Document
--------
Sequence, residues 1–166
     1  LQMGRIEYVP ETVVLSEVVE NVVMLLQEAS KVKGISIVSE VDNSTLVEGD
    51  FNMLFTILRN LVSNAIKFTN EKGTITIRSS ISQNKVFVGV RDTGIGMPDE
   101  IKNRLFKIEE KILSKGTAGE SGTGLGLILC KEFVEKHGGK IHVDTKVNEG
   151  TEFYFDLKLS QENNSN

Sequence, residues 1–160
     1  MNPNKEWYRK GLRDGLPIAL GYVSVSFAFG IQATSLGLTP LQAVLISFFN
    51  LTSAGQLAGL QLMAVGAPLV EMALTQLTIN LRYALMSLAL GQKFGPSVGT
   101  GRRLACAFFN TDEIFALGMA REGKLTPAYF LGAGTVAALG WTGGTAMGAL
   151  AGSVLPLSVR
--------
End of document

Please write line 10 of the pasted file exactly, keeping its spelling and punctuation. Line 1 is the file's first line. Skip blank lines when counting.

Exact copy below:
   151  AGSVLPLSVR